FeelGoodTips.com offers some suggestions on how to instantly feel good, or better, and move on with a bad day. Drinking water to avoid dehydration, which can a person feel sluggish and tired, is the leading tip.


To see the complete version of this article, subscribe to the Daily Press e-edition by following the link below.

Click here to get the entire Tahlequah Daily Press delivered every day to your home or office.

Click here to get a free trial or to subscribe to the Tahlequah Daily Press electronic edition. It's the ENTIRE newspaper (without the paper) for your computer, iPad or e-reader.

Text Only
Local News
  • ts honor flight 1.tif Flight of honor

    World War II veteran Charles Harra flew missions for the Army Air Corps, and if you ask him which flight was his most memorable, he’ll say it was his 35th mission.

    April 17, 2014 1 Photo

  • Man charged after leading authorities on wild chase

    Prosecutors have formally charged a man who allegedly led authorities on a wild high-speed pursuit across Cherokee County in late March.

    April 17, 2014

  • Sex offender bonds out after failing to register

    A Cherokee County man is out on bond after being arrested last week for failing to register as a sex offender.

    April 17, 2014

  • jn radiator shop.jpg ‘Greenbelt’ progressing

    Crews this week began to demolish an abandoned radiator shop at the corner of South Street and Guinn Avenue.

    April 17, 2014 1 Photo

  • ts slut walk.tif SlutWalk shines spotlight on crime

    “Two, four, six, eight, stop the violence, stop the rape; slut, slut, ho, ho, yes means yes and no means no!”
    This was the battle cry across the campus of Northeastern State University, as the student branch of the American Association of University Women held its third annual SlutWalk Wednesday.

    April 17, 2014 1 Photo

  • SR-TonsOffTahl-A.jpg Tribes, city, NSU launch Tons Off Tahlequah campaign

    When studies are conducted about whether Americans are living healthy lifestyles, Oklahoma often ranks poorly among the states.

    April 17, 2014 1 Photo

  • ts-Trail-show-1.jpg Jackson takes prize

    Cherokee Heritage Center Museum Curator Mickel Yantz kicked off his 10th anniversary at the venue with the opening of the 43rd annual Trail of Tears Art Show this past Friday.
    “The Trail of Tears show was my first exhibit opening when I arrived 10 years ago,” said Yantz. “Since that time, the show has changed so dramatically; we’ve added so many new artists, and the art work has excelled over time. It’s like Christmas for me.”
    Yantz said he was exceptionally pleased with the opening reception.
    “We had a fantastic turnout,” said Yantz. “We had a lot of fun and sold some artwork, which is great for opening night.”
    The exhibit is on display at the Cherokee Heritage Center through May 26. This year’s show features 130 pieces of art spanning eight different categories, including basketry, graphics, jewelry, miniature, painting, pottery and sculpture.

    April 16, 2014 2 Photos

  • churchguy.jpg Some NSU students find Church of Monett offensive

    They turn heads every time they show up on campus, and some students at Northeastern State University are offended by their presence.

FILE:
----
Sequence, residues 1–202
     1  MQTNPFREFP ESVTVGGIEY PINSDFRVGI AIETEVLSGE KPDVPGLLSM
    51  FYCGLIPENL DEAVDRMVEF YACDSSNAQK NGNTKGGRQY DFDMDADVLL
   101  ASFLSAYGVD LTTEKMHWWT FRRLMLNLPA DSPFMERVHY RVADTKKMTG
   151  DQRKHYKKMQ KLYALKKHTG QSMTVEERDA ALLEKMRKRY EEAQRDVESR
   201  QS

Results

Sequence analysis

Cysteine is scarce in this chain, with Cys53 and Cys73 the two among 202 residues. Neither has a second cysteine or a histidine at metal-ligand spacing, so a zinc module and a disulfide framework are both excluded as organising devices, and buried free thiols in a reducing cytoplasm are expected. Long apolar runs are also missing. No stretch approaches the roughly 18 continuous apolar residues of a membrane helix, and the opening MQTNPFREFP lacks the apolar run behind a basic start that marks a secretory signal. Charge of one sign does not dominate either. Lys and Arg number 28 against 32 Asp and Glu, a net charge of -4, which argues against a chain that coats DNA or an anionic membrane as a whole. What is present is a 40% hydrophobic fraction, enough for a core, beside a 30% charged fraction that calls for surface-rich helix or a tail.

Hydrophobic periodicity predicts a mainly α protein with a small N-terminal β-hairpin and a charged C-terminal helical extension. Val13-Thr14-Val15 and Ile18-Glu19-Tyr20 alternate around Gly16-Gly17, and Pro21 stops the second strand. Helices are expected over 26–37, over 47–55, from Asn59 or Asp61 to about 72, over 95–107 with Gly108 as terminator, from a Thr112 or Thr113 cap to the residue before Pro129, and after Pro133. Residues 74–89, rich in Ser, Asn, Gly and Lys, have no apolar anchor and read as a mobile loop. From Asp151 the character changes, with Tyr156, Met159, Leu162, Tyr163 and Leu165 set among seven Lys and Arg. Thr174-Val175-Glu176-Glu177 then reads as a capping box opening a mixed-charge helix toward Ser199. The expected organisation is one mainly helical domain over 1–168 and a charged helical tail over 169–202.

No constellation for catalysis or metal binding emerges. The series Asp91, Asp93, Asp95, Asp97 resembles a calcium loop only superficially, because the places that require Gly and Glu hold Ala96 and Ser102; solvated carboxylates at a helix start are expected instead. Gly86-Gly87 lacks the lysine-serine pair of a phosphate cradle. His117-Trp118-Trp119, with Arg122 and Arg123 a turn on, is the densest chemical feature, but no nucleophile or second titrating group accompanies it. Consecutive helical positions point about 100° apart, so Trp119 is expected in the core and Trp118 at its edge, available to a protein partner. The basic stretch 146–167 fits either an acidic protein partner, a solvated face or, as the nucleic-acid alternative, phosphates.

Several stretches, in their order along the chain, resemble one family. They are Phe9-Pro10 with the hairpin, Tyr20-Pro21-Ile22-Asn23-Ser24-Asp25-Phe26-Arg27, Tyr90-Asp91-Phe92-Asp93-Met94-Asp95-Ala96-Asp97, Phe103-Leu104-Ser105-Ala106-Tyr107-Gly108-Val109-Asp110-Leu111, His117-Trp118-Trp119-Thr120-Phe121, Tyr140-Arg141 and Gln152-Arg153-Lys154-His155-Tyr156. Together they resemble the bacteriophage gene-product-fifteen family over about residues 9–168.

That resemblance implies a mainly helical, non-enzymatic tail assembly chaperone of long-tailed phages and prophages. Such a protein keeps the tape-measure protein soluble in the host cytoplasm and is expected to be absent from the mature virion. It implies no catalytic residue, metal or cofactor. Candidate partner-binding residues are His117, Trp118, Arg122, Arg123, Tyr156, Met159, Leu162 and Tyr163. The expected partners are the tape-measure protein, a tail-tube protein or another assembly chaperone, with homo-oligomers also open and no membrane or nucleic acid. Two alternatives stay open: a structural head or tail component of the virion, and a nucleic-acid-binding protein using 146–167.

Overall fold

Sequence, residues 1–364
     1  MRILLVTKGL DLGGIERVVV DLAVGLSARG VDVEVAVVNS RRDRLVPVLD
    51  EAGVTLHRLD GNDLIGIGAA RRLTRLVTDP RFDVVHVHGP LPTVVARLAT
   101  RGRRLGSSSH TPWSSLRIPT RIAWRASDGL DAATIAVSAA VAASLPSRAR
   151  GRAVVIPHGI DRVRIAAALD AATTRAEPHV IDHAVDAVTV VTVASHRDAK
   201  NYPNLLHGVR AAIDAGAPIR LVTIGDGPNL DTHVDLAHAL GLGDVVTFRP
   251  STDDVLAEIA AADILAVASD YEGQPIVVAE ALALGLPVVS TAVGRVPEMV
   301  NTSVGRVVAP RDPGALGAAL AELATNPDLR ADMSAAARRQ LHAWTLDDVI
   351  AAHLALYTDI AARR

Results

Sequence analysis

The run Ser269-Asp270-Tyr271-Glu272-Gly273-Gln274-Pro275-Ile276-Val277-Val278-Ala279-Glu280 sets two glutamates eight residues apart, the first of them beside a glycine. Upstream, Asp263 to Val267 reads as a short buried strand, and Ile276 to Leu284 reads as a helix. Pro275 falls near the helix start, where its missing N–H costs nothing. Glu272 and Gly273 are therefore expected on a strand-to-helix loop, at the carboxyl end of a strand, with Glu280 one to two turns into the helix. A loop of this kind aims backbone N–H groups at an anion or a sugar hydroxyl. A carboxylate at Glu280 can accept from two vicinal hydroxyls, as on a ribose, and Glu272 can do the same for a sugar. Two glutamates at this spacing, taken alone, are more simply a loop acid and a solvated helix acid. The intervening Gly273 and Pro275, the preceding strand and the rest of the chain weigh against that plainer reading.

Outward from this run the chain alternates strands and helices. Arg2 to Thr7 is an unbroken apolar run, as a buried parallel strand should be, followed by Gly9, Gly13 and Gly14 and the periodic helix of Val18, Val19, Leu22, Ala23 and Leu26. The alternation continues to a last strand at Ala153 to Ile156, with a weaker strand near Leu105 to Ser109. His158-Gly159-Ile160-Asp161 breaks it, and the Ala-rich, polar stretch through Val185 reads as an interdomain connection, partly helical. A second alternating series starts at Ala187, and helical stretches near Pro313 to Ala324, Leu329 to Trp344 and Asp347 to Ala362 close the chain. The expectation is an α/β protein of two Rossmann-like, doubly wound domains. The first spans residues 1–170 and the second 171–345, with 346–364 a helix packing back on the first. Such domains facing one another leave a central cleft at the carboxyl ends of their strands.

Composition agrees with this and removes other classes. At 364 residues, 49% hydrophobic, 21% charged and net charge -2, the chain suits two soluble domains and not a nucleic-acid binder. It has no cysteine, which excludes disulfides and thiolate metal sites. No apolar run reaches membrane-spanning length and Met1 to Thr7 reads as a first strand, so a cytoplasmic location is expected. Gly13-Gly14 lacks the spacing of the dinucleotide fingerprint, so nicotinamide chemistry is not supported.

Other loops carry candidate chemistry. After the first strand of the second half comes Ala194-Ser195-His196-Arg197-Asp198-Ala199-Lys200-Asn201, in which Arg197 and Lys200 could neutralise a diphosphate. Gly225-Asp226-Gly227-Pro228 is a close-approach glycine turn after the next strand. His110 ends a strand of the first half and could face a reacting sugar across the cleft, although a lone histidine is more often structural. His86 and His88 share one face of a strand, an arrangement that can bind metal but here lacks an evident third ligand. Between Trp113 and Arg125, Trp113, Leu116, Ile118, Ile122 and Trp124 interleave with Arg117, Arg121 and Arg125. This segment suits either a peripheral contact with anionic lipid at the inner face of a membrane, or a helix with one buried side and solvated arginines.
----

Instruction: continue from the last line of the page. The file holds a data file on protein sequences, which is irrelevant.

The Church of Monett, Mo., has made periodic trips to Tahlequah to stage quiet demonstrations in public campus spaces in recent years. They carry signs that read, “Wives, Obey your Husbands,”; “To be Married to the divorced is Adultery”; and “Don’t be deceived: fornicators homosexuals idolaters adulterers thieves drunkards - shall not inherit God’s Kingdom.”

    April 16, 2014 1 Photo

  • Teen sent to hospital after being struck by tractor-trailer

    An 18-year-old Tahlequah man was struck by a tractor-trailer early Tuesday morning on the State Highway 51 bypass near Mimosa Lane.
    Tahlequah Police Capt. Tom Jones said officers responded to the scene at about 5:40 a.m., when Sage Sohns was found injured and lying in the road. A medical helicopter responded to the scene to transport Sohns to a Tulsa hospital, where he was being treated for a closed-head injury, police said.

    April 16, 2014

  • TPS board hears architect presentations for cafeteria

    Members of the Tahlequah Public Schools Board of Education heard from four architectural firms seeking a contract for construction at Cherokee Elementary School.
    TPS plans to build a cafeteria-auditorium and a music room with a stage, which may also serve as a safe room during storms.

    April 16, 2014


What to you think of a state Legislature proposal to forbid cities from raising the minimum wage? Choose the closest to your opinion.

The federal government should set the minimum wage across the board.
States should be allowed to raise their minimum wages, but not cities.
Both states and cities should be allowed to raise their minimum wages.
Cities should be allowed to raise their mimum wages, but not states.
There should be no minimum wage at all.
     View Results
Tahlequah Daily Press Twitter
Follow us on twitter
AP Video
Deadly Avalanche Sweeps Slopes of Mount Everest Police Arrest Suspect in Highway Shootings Drought Concerns May Hurt Lake Tourism Vermont Goat Meat Gives Refugees Taste of Home Calif. Investigators Re-construct Fatal Bus Cras Mayor Rob Ford Launches Re-election Campaign Appellate Court Hears Okla. Gay Marriage Case Author Gabriel Garcia Marquez Dead at 87 Beau Biden Plans 2016 Run for Del. Governor Chelsea Clinton Is Pregnant Horseless Carriage Introduced at NY Auto Show Obama Hopeful on Ukraine, Will Watch Russians Flamingo Frenzy Ahead of Zoo Construction Crew Criticized Over Handling of Ferry Disaster Agreement Reached to Calm Ukraine Tensions Raw: Pope Francis Performs Pre-easter Ritual Boston Bombing Survivors One Year Later Sister of Slain MIT Officer Reflects on Bombing